The HP boardroom has been full of sturm und drang for a decade, dating back to Carly Fiorina's arrival in 1999 as an outsider CEO. It may be hard to fathom after the recent tumult, but a steadier state did actually exist at one time.
Back in 1997 Directors & Boards caught up with then chairman and CEO Lewis Platt for a cover article he authored on "Governance the H-P Way." Platt was a lifer at HP, having joined the company as an entry-level engineer in 1966 and worked his way up to being appointed CEO in 1992 and chairman in 1993.
As I am continually reminded, words from the past have a way of echoing through the ages to resonate pertinently on present circumstances. I say no more but simply share with you the concluding paragraph of Lew Platt's article:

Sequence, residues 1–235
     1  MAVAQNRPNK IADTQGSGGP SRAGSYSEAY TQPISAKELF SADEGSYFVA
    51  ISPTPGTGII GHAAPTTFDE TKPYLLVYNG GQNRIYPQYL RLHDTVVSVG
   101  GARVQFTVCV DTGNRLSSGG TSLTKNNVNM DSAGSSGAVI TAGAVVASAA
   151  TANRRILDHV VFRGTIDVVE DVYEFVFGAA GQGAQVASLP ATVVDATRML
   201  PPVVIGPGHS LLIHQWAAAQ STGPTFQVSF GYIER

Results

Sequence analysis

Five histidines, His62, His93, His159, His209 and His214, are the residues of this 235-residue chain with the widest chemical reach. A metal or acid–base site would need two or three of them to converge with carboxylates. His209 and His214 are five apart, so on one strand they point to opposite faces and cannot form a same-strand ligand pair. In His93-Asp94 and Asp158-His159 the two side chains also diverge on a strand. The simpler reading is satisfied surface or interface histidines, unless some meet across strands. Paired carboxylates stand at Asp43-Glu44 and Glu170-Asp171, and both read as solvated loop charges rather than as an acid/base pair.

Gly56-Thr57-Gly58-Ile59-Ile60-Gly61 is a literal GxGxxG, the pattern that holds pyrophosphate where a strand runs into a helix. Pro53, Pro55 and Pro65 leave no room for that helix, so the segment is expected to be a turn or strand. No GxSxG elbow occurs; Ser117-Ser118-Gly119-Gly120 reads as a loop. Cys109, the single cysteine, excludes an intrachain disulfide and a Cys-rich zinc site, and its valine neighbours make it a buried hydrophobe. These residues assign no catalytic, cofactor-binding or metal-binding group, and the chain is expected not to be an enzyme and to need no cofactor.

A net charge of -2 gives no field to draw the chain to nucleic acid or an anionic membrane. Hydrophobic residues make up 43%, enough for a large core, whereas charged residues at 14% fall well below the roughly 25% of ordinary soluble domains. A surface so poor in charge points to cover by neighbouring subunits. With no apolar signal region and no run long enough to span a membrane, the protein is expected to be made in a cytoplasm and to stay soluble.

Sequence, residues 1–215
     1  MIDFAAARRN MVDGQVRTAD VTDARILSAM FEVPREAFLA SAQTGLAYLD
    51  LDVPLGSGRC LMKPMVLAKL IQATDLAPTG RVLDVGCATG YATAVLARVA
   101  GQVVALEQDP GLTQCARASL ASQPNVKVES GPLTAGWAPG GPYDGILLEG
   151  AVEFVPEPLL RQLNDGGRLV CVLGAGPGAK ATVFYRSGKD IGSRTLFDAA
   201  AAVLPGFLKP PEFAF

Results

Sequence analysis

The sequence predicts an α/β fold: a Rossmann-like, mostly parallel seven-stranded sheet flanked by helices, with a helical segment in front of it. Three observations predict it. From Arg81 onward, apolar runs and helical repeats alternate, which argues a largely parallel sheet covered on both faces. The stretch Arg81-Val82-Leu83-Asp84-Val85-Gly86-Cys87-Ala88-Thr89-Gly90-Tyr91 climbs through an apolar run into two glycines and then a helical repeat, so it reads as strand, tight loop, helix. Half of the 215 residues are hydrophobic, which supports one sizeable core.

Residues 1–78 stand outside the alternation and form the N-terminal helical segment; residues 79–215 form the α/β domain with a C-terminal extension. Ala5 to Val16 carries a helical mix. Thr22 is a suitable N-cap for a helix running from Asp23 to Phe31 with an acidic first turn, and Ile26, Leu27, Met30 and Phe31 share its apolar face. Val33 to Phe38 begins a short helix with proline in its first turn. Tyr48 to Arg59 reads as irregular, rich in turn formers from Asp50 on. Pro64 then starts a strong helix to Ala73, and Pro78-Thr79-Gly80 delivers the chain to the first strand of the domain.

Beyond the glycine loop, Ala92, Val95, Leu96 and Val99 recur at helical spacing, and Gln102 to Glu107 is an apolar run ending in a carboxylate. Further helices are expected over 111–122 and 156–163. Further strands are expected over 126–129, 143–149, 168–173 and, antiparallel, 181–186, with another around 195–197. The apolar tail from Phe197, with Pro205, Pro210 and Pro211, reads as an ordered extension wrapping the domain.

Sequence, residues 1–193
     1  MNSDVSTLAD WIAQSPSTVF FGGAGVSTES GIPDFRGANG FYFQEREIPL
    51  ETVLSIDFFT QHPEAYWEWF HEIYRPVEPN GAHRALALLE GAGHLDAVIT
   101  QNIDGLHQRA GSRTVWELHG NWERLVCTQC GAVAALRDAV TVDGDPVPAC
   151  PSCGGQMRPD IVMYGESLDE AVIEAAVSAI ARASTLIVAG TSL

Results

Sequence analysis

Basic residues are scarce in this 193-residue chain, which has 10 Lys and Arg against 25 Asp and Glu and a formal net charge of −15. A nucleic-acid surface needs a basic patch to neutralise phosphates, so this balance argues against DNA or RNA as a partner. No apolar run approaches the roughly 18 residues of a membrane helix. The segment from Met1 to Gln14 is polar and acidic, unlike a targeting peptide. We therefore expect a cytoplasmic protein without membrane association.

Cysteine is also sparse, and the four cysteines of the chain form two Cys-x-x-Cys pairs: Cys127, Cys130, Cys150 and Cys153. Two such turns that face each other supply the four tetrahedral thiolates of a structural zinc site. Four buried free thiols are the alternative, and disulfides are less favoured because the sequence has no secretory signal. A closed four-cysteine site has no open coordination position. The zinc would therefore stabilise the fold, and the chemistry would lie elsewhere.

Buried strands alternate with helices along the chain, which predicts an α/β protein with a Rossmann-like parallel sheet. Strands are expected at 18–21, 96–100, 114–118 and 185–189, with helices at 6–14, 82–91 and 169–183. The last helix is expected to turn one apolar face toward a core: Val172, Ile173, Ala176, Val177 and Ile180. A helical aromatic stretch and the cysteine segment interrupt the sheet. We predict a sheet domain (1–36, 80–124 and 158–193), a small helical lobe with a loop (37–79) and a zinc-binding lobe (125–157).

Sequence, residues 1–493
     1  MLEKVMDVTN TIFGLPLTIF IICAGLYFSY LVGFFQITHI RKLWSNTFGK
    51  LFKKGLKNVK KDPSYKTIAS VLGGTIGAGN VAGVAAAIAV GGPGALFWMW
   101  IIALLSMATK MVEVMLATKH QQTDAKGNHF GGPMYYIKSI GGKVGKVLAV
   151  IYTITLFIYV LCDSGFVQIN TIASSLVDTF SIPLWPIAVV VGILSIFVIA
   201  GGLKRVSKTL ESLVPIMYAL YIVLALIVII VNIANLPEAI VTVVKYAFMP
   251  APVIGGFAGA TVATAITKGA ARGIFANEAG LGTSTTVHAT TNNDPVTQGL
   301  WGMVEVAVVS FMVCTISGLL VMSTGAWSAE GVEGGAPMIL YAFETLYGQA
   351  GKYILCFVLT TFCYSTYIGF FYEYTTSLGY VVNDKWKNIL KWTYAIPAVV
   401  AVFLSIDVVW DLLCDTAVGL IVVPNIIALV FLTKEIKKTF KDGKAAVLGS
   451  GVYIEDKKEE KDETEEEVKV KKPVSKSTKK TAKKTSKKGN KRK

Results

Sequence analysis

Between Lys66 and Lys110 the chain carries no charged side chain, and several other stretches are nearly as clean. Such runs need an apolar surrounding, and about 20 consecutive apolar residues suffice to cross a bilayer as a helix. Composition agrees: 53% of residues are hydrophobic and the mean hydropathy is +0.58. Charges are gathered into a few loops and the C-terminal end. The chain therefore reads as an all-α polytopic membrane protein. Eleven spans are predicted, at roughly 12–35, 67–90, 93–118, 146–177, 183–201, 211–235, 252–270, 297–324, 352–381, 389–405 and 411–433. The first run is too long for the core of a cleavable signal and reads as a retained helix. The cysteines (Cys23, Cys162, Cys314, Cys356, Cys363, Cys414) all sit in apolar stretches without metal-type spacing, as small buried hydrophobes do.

"A good test of whether your board is functioning well is if you can answer 'yes' to the question, 'Do I feel free to discuss anything with my board . . . to talk with full candor about anything that's worrying me?' I feel fortunate in this regard. Not all CEOs can say the same. For one reason or another, something goes wrong with the relationship between the CEO and the board, or between company management and the board, which leads to secrets, to a lack of trust, to poor board performance, and ultimately to poor corporate performance. My board has been very helpful to me with its perspective and advice, and our candid dialogue takes place in an atmosphere of mutual respect, which is the key to having a good board relationship."
Upon retiring from HP in 1999, Platt went on to serve as CEO of Kendall-Jackson Wine Estates and as a corporate director. Interestingly, he was nonexecutive chairman of Boeing Co. when its board in 2005 forced the resignation of CEO Harry Stonecipher over an affair with a company employee. Platt died later that year at the age of 64.